We used to be cold cereal people. Everyday. It worked out well for us. When someone woke up, anyone, they would simply help themselves to cereal and I could keep sleeping.
That was the upside of the arrangement.
The down side was that cereal boxes, bowls, spoons, sugar, and milk spills sprawled across every flat surface. By the number of bowls and spoons, one would think that I had at least eight children. I often wonder why there are more bowls than children. I also wonder about the nutrition they are getting and lastly, I wonder about the puddles of sugar that are speckled around the table. If that much sugar didn't make it into the bowl, I imagine how much actually did make it in. To top it all off, those boys can eat. A lot. Cereal isn't cheap. Even with price matching at Wal-mart.
At some point, enough is enough.
For me, enough was enough a few weeks ago. I decided I would wake up super early and fix breakfast every week day. Less sugar. Whole grain goodness. Less mess. Cheaper. It has worked out. But today was different.
Then I hear, "Mom, can we just have cereal today?" I'm shutting my eyes tightly in hopes of keeping the scene vivid.
"No. I'll be there in a minute." I say. The race is still happening in my mind.
"Why Mom?" Think whine.
Oh no! The race is fading. I'm letting go of the dream and starting to picture Porter hovering over my bed, on Glenn's side. He jumps and now he's on the bed, even closer than before. I don't see him, but I feel him. I'm still trying to keep the race real, with my eyes closed. I want to go back to it. I really want to know if I can actually win. It was going so well.
"Okay fine! Have cereal. Just close my door when you go out." I can't argue right now. Every word I speak drags me further out of the dream. I've got a race to get back to.
I picture the race course. It has lost its color. Then it's gone. My dream is gone. I try to think of the details so that it will come back.
But it is no use.
I lay in bed and hear hard pieces of cereal clanking as they make contact with an empty bowl.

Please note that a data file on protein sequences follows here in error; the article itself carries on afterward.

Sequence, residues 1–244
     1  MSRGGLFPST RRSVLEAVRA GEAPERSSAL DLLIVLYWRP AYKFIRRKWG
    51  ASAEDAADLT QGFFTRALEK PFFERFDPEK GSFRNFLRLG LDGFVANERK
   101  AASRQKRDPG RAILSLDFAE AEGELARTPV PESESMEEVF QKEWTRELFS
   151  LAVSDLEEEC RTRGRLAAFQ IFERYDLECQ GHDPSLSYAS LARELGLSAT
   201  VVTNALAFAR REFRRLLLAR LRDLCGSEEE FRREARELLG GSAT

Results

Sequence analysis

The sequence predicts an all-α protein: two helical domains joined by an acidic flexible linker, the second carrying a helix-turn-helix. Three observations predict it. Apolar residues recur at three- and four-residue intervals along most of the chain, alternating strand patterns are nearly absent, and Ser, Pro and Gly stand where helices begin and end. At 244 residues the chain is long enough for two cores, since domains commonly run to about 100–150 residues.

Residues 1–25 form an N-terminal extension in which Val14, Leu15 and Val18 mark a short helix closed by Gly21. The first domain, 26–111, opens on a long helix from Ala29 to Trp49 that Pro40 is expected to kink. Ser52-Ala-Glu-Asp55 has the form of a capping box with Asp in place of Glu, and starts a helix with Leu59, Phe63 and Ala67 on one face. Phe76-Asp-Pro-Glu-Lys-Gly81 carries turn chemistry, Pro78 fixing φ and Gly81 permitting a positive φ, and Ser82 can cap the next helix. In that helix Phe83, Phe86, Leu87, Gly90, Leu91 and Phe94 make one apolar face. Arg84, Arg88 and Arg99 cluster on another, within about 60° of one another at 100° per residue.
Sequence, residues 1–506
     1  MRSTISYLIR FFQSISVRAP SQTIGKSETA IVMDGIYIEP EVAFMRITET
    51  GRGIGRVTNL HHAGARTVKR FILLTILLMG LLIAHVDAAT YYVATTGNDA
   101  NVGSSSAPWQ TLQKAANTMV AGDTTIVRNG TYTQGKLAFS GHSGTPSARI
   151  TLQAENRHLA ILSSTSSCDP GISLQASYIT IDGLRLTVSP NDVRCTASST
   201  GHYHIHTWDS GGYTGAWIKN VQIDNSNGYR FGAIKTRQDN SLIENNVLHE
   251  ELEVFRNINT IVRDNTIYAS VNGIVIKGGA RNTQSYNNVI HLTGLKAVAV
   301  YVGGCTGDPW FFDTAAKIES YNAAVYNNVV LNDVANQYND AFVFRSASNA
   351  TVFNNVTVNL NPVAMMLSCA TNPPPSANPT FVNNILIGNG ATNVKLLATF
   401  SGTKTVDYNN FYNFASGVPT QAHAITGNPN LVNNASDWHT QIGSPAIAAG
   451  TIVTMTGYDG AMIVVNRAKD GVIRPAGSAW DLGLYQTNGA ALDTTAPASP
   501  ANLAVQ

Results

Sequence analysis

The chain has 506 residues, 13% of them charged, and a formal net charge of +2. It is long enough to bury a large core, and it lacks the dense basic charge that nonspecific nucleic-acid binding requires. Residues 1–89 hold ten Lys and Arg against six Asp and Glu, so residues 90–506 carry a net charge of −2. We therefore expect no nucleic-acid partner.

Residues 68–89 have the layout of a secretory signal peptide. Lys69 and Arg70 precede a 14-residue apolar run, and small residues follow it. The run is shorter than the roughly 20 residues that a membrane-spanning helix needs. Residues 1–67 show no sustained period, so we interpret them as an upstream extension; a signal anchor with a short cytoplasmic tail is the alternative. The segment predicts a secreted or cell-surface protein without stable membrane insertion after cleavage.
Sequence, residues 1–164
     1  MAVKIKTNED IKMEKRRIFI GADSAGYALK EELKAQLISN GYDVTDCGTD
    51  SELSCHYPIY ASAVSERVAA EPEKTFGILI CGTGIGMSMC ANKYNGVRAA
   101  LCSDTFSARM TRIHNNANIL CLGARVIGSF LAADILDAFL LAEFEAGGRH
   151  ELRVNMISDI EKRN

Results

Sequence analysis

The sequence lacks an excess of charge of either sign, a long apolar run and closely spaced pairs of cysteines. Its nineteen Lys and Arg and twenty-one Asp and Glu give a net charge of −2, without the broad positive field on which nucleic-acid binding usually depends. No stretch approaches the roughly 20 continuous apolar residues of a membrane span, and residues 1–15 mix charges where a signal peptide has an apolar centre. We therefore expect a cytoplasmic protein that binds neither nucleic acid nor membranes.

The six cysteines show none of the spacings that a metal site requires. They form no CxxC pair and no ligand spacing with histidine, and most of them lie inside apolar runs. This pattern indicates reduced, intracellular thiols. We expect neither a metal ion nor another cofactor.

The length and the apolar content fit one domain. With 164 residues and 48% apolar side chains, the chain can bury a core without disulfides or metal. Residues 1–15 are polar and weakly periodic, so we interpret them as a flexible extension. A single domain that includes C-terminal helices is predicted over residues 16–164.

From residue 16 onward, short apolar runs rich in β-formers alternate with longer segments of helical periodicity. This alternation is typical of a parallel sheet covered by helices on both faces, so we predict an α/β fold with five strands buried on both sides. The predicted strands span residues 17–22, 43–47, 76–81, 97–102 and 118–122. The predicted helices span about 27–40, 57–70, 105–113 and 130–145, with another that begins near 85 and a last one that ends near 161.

He forgot to close the door.
I know I wouldn't have won those speedy girls in a real race. But in my dream I could have. I sigh. I get out of bed. I eat more cereal than I should have. I help Porter with his piano. I send the boys off to school. I shower.
Stafford won't go to preschool. I go with him and sit with him. No, he's not staying without me. It is not where I want to spend my morning.
So we leave. Stafford, Warrick and I.
The plan was to get my hair trimmed while Stafford was getting an education. That won't work now.
I go to the Art museum to get Art Ball Tickets. When we walk in, Stafford goes right to a sculpture and hugs it. The volunteer gets after him. He is now clinging to my leg with his face buried in my outer thigh. I think the lady feels bad. We all do. She directs us to the office to buy the tickets. A woman from our ward is working there. She says, "That will be $70." Ummm. I hesitate while thinking, "I thought they were $35." She sees it on my face. I explain. She is really nice about it, though I feel dumb. Dumb that my son hugged a statue and dumb that I don't want to pay that much. I then find myself going on a mini-tour of the museum with her. How did that happen? But she is really nice and I enjoy that. She takes me to the sculpture garden. There is an Indian on a horse, children frozen in a gay (old meaning of the word) frolic and among the grand figures, a naked lady, just relaxing. Like it's normal to be lounging in the nude. Maybe it is. I won't judge. I've seen naked ladies before, but I don't feel like seeing one right now. My sons aren't as familiar with the topic and I don't feel like explaining that it's art, and beautiful and freedom of speech/expression and that we shouldn't be asking why there is a naked bronze person staring at us, but instead we should all be asking why there are not more naked bronze people staring at us. Not really. But before my boys experience a deeper level of art than I want them to, I tell our self appointed tour guide that I need to get going. She chats a bit more. And since she works in our ward primary, she tells my boys that they are the best kids in primary. They say thanks, after I prompt them to.
As we drive home, Warrick says that she's wrong. They aren't the best in primary.
Stafford calls himself a bad boy. I think he's still wounded from the museum reprimand. I tell him he's a good boy.
I suggest he goes to get the mail. It is something that excites him on a daily basis. He wants me to come. We walk down the driveway. No mail. I knew that. It's too early in the morning, but it gave him something to do. I bring our big black garbage can back to the house.
It is 10:30 am.